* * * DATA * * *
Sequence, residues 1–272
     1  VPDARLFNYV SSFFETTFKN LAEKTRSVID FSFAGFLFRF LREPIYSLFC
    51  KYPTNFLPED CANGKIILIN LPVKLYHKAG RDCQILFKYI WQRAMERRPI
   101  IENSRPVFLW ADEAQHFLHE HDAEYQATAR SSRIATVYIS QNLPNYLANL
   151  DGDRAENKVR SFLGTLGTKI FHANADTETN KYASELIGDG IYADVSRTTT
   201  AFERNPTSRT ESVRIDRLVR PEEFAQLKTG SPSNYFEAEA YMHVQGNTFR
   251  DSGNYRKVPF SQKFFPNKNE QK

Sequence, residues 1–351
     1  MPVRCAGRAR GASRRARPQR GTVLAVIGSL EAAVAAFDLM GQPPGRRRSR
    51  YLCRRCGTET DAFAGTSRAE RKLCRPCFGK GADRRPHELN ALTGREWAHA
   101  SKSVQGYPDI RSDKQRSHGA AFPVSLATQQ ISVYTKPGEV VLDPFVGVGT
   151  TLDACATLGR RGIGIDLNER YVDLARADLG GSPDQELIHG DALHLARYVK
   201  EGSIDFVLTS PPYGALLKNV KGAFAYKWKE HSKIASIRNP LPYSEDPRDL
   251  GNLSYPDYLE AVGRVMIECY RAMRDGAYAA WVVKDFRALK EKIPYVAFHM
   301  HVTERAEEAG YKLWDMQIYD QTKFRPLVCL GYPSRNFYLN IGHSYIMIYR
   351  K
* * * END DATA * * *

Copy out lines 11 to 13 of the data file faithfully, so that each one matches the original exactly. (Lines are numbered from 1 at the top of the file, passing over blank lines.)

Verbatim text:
   101  SKSVQGYPDI RSDKQRSHGA AFPVSLATQQ ISVYTKPGEV VLDPFVGVGT
   151  TLDACATLGR RGIGIDLNER YVDLARADLG GSPDQELIHG DALHLARYVK
   201  EGSIDFVLTS PPYGALLKNV KGAFAYKWKE HSKIASIRNP LPYSEDPRDL